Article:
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China’s South America free-trade deal to have ‘clear impact’, but may irk US by seeking opportunities in its ‘backyard’

South China Morning Post | 12 February 2023

China’s South America free-trade deal to have ‘clear impact’, but may irk US by seeking opportunities in its ‘backyard’

by Kandy Wong

A proposed free-trade agreement between China and a group of South American nations, which includes Argentina and Brazil, will benefit all sides economically, but will further increase competition between Washington and Beijing in the so-called backyard of the United States, according to analysts.

New leftist Brazilian President Luiz Inacio Lula da Silva said that the proposed deal between China and the Southern Common Market (Mercosur), which also includes Uruguay and Paraguay as full members, will modernise and open up the South American trade bloc to other regions.

A possible agreement can be discussed after a similar free-trade agreement (FTA) with the European Union is finalised, added Lula, who returned for a third term as president in January.

“The unilateralism and hegemonism of the US contradict with the multilateralism and an open regionalism of Mercosur, including those in Latin America and Caribbean,” said Xie Wenze, a professor with the Chinese Academy of Social Sciences’ Institute of Latin American Studies.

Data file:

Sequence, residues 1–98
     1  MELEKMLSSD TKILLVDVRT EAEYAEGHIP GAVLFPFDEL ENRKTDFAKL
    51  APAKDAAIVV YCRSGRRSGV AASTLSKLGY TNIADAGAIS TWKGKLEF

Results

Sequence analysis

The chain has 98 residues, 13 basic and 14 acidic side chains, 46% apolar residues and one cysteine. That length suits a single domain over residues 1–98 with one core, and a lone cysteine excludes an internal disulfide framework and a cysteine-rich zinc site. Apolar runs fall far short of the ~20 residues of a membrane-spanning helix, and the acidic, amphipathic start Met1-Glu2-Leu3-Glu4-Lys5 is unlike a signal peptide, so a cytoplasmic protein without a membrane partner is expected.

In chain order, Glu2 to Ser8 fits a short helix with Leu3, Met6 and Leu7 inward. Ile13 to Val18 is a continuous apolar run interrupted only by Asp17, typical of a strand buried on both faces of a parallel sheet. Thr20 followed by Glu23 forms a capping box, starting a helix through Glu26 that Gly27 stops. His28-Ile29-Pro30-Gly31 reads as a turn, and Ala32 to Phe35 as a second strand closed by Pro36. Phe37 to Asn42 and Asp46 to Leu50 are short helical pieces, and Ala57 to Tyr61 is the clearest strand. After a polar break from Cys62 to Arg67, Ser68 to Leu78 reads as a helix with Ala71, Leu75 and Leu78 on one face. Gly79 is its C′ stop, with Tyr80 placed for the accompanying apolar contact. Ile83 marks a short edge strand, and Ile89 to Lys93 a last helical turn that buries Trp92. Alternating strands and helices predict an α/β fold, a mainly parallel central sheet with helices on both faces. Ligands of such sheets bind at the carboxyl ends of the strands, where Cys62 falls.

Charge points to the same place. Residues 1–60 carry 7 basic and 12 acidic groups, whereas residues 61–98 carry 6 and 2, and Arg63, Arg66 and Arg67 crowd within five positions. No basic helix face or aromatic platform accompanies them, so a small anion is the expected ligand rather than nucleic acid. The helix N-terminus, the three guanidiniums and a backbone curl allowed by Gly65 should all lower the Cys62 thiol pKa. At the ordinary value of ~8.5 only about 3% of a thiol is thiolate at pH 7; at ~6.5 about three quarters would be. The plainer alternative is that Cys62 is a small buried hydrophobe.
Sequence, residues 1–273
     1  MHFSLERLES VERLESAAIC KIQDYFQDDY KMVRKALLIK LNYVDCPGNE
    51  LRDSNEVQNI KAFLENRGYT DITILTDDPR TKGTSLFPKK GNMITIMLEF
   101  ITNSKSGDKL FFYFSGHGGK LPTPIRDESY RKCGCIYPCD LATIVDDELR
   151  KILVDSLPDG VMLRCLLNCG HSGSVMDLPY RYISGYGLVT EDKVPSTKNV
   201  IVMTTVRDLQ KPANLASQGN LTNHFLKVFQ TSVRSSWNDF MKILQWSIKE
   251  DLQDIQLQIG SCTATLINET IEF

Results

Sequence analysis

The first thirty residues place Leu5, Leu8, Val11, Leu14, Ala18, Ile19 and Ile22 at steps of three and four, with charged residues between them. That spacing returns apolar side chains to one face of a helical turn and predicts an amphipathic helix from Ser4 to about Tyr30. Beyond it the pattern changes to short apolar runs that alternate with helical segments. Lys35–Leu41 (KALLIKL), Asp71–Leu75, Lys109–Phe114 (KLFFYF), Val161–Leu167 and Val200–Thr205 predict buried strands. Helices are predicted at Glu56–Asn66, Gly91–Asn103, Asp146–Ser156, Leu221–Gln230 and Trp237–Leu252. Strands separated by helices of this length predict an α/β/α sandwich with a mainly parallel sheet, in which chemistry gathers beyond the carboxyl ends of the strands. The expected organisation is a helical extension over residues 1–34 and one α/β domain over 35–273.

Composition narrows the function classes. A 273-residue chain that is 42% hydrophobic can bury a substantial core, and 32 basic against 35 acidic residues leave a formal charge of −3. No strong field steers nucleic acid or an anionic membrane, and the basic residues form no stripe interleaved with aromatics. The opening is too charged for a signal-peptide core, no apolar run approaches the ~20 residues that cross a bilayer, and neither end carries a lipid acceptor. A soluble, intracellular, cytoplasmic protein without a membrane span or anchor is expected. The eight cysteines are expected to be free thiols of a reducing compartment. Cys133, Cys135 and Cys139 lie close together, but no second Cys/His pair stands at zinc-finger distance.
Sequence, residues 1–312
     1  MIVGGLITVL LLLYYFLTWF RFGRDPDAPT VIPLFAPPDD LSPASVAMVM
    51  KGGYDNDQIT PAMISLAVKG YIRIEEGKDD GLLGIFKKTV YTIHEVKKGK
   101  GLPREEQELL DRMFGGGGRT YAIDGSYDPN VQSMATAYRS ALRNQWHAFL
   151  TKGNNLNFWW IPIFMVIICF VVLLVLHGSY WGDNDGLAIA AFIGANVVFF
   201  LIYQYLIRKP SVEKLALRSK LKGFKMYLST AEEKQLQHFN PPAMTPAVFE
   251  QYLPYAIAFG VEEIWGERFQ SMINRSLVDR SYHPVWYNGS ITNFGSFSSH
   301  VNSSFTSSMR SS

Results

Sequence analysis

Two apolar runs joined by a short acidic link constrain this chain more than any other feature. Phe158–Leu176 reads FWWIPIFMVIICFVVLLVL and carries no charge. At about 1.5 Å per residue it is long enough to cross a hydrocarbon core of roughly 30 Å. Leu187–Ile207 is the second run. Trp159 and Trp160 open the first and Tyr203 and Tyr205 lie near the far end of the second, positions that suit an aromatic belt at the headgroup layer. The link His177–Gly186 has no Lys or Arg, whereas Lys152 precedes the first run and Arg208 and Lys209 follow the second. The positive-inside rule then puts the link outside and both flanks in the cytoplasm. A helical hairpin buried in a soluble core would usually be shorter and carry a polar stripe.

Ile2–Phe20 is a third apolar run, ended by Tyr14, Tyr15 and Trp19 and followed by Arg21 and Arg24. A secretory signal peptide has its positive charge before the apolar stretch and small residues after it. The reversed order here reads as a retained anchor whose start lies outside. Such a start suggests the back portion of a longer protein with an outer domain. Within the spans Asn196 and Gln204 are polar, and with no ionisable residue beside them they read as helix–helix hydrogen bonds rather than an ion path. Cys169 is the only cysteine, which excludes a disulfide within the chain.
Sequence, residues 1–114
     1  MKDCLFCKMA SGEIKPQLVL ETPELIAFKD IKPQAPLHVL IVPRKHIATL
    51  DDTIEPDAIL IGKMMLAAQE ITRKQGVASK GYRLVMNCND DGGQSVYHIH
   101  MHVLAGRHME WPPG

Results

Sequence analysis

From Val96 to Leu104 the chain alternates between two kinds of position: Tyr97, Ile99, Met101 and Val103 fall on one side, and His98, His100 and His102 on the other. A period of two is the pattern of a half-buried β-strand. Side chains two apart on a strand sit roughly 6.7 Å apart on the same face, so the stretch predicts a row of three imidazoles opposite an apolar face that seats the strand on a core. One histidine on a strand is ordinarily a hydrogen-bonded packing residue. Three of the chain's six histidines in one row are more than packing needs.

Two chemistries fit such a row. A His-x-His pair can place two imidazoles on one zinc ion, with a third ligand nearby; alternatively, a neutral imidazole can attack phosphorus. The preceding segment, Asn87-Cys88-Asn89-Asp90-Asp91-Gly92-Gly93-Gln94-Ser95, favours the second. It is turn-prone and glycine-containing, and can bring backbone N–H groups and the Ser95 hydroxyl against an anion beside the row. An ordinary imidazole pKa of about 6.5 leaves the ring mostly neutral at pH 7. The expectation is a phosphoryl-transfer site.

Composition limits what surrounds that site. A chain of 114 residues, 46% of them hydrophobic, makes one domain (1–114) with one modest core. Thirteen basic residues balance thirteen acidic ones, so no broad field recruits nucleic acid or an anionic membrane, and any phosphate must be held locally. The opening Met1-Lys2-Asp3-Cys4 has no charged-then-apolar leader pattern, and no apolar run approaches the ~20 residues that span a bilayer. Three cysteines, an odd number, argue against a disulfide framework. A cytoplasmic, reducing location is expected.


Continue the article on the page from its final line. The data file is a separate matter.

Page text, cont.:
Lula’s election had already renewed hopes of the deal with the European Union 20 years after negotiations started, and reports suggest it could be ratified this year.

China is Brazil and Uruguay’s No 1 trading partner, as well as Argentina’s No 2, but Beijing has not yet established an official relationship with Paraguay due to its stance on Taiwan. Paraguay is one of only 14 countries to have formal diplomatic relations with Taiwan, and President Mario Abdo will visit the self-ruled island next week.

“The election of Luiz Inacio Lula da Silva as president of Brazil opens up new possibilities for relations between Latin America’s biggest country and China,” said Santiago Bustelo, an international politics expert at Fudan University.

“It is clear that, in recent years, China’s economic presence on the continent has grown remarkably, and therefore it is natural that opportunities such as the signing of FTAs begin to emerge.”

In another move to cement bilateral ties and boost the global use of China’s currency, the central banks in China and Brazil signed a memorandum of understanding on Tuesday to set up yuan-clearing arrangements in the South American country.

Alongside the US influence, “pragmatism” will dominate China’s foray into the continent, as the Mercosur tends to steer away from taking sides towards either Beijing or Washington, according to analysts.

Bustelo said that a free-trade agreement will have a “clear impact” for South America that paves the way for the “Asian giant” to become a leading economic partner for the region.

“The truth is that most of the countries in the region – both the ones with left-wing and right-wing governments – opt for pragmatism,” he added. “Most Latin American countries have no interest in participating directly in the current competition between the United States and China.”